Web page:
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PUBLISHED EVERY SATDiY
Omcr, HA ILK Y nLOCK, M ais St.
WAIllKl. MAll, J. 11." -x '
" SUUSCniPTlOX KATKS
One yt-ur, (in uih line1,) $2. BO
Six iiioiiDps, (i ... 1.50
J'h cnlumitt or 'hp Nkw mlnilt comniunleii
il')us o jitirtiiH'nt topic. 'rlw only on
unpsiilcol' paper. Siixu vour immti ukirh
will be Uflil c uiflifaiUln) l( iVislijiU. ' V..
G. B. ROBERTSON. Ed. and Prop
MRSQ: B.: fiOBERTSON, Bus. Mgr.
1 1. . i U -'
jg Wanted, a photographic gallery. Jf a man would come horo
from' tho Coast' or elsevhere with' a first class 'outfit, inttUitting a,
travelling: tent, and establish a permanent photoraphu; gallery in,
Wuiluku, ho could lulld up h, paying business. There is not single
gallery on tho island of tyadi, and any amount of work for a first
operator, to say nothing pf tho outdoor and scenic work to b
H The strikes by the Japanese on Maui this week demonstrate
more forcibly than any arg'unient could, that U is absolutely' neces
sary to entirely' supplant '.laVhneso labor on tho sugar plantations.
Tlie Japanese at the Spreckelsville mill and 'at Kahului were the
best paid Japs on the Isjand, and yet, influencod by a' few unscru
pulous leaders, they quit work at a time when they foolishly
imagine that the planters are their mercy. Many1 white uieu h.
California would he glad to get the jobs that somo o the Japs have
at the wages' that "the' Japs are getting, arid' it is a safo'gucss thai
before a year from 'jibw the Japs will be only too glad to get work
on the plantations. ' " ' " "' ' ' ' ' ' '
j?p Wailuku needs a new up-to-date grammar schooj building.
The antiquated barn ilhich has so long,lbeen in use liere as a
school buflding is becoming unsafe for occupaucy. Even when a
band of small children march up stairs in step, the whole build
ing shakos ominously. The pjace where 'the prosoiit schocl stands
is not a fit place for children, adjoining and overlooking as it do'es,
the court house and jail premises. Tho sigjits forced on the child,
ren coming and going to and from school, as well as while at 'play
in the school grounds, are demoralising. We need a new school in
a more desirable location. ' '"' ' ' ' ' " M'""
... ' C ' ;
fg2 It is more than probable that there will bo a meeting of the
Maui and Mohikai' members of the
tne meeting oi tne legislature, lor
sures beneficial to Mau'i, at which
desired to be present and express their .views. If this happens,
the members should be.inet frankly, anil a full discussion should
be had, because they express themselves as being anxious to meet
their constituents and confer
and needs of Maui, before beginning their legislative work.
It is a s ource of sincero rejoicing on Maui that ths wireless
telegraphic system has proved' so signal a success. The full
meaning of jt has not fully dawned on us yet, but its constant use
will demonstrate how much it will
the rates, for using it will be placed too high at first to permit its
general use. but the matter wjl
the Pacific cable, and we will have
There is a strong mpvement
school at Wailuku, and there is a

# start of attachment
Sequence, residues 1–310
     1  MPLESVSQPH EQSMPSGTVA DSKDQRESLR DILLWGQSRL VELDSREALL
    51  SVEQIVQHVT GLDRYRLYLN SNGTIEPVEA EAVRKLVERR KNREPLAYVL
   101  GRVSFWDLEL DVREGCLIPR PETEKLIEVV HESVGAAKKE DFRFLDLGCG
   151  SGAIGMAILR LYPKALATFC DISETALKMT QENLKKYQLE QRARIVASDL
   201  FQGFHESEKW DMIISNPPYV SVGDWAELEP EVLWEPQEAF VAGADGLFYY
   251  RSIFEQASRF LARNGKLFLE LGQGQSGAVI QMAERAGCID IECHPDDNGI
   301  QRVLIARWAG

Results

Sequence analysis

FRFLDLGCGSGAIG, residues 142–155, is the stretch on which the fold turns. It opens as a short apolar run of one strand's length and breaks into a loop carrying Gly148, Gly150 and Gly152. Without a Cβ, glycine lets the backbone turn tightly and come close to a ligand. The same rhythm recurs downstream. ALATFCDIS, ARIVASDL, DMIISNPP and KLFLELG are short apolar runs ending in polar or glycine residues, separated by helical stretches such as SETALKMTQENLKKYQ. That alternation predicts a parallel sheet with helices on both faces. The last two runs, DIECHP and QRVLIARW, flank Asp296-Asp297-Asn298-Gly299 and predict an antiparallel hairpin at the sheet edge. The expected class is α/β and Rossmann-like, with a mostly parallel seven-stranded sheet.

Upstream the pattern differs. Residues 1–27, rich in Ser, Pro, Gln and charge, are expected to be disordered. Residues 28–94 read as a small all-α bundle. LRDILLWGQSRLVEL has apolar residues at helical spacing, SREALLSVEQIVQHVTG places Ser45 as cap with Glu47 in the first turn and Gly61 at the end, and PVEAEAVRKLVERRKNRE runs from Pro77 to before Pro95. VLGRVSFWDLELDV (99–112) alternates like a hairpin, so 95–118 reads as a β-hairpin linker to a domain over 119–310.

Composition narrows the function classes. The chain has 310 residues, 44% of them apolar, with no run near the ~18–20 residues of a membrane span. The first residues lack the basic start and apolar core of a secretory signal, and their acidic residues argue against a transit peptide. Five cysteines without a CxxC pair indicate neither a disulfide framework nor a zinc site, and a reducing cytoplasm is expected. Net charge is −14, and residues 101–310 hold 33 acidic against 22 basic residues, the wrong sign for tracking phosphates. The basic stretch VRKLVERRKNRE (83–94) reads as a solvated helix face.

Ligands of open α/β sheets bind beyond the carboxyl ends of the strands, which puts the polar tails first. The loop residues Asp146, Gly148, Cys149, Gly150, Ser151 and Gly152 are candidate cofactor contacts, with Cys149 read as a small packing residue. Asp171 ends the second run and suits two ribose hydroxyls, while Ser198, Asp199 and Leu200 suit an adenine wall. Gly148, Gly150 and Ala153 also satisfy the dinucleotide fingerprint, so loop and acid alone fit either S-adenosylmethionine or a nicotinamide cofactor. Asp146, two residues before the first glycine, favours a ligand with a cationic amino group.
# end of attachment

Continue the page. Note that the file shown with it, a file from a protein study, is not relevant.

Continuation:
tion, ou the PAF.t pf those m
should push the matter, for there is a crying need for advanced
industrial education among our
members pf th,o legislature from
tneir nanas wnen pney rsk jor it
g) There should be a curfew law
pose oi Keeping young children
young Hawaiian cnuaren. They can learn nothing good by wan
dering aimlessly around till nine or .ten o'clock, as some of them
are now allowed to do, and for their own sakes, restrictive mea
sures should be adopted.
g The News has more than once urged the need of a stean.
laundry on Maui, and the heed has become so urgent that an ei
.terprising Honolulu laundry has stepped in and supplied the dt
mand. Perhaps when the largo trade which it will handle is not.
ed, some t ne will be encouraged to try what a littJe home iodustrj
can do in this direcjipn,
g) Prices of real estate in Wailuku are too high, and there doer
not seem tp be any immediate prospect of a reduction. This is t
be regretted, for several parties have recently tried to buy land
and build homes for themselves here, and have abandoned the
idea on account of the fabulous prices asked.
.Wailuku has scored once more, hjs time a cold storage and
improved ice plant. Saddles of fat mutton, delicate slices of fresh
salinon, succulent and juicy oysters on the half shell and creamery
butter frpn; the coast are among the luxuries that aro assured for
Wailuku. Isn't is nice to bo here ?
Iyater news from South Africa indicates that the Boers have
failed signally to understand that they wero whipped some time
ago. The chances are bright, hpwevor, that when the British get
through wit h them this round, they wjjl understand the matter in
ull its mood and tenses.
Why can we not have a Sunday passenger service on the Ka
hului Railroad? There is no doubt but that if such a service were
Inaugurated, it would pay the company and also prove a groat con
venience to the people of central Maul.
MAUI BLUE BCX)K
Hon. .1. V. Kiitim. (Mfrnlt .Tvi'ltf-'. Wullimu
J N K. Ki olu. I'lorH Circuit Court. WiitUiku
JuiIko W! A. Mi'Kny LMrit, MitxlKtrntc, Wnlluku
' Kiih-lkttu, " ''
" osoptk. '
14 Piiiimnu, ' "
" Miiu " "